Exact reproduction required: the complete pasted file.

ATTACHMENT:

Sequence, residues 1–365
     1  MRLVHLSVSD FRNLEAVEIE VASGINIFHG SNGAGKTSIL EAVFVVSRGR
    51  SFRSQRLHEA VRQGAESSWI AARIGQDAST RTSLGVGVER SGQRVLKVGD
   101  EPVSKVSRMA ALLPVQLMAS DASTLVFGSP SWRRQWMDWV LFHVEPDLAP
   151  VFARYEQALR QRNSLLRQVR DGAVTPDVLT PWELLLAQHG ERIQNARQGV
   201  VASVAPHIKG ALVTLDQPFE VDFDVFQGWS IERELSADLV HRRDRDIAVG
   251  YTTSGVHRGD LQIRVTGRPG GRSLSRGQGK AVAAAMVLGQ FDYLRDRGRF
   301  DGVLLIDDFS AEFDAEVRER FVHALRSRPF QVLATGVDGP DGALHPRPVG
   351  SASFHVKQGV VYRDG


Sequence, residues 1–365
     1  MRLVHLSVSD FRNLEAVEIE VASGINIFHG SNGAGKTSIL EAVFVVSRGR
    51  SFRSQRLHEA VRQGAESSWI AARIGQDAST RTSLGVGVER SGQRVLKVGD
   101  EPVSKVSRMA ALLPVQLMAS DASTLVFGSP SWRRQWMDWV LFHVEPDLAP
   151  VFARYEQALR QRNSLLRQVR DGAVTPDVLT PWELLLAQHG ERIQNARQGV
   201  VASVAPHIKG ALVTLDQPFE VDFDVFQGWS IERELSADLV HRRDRDIAVG
   251  YTTSGVHRGD LQIRVTGRPG GRSLSRGQGK AVAAAMVLGQ FDYLRDRGRF
   301  DGVLLIDDFS AEFDAEVRER FVHALRSRPF QVLATGVDGP DGALHPRPVG
   351  SASFHVKQGV VYRDG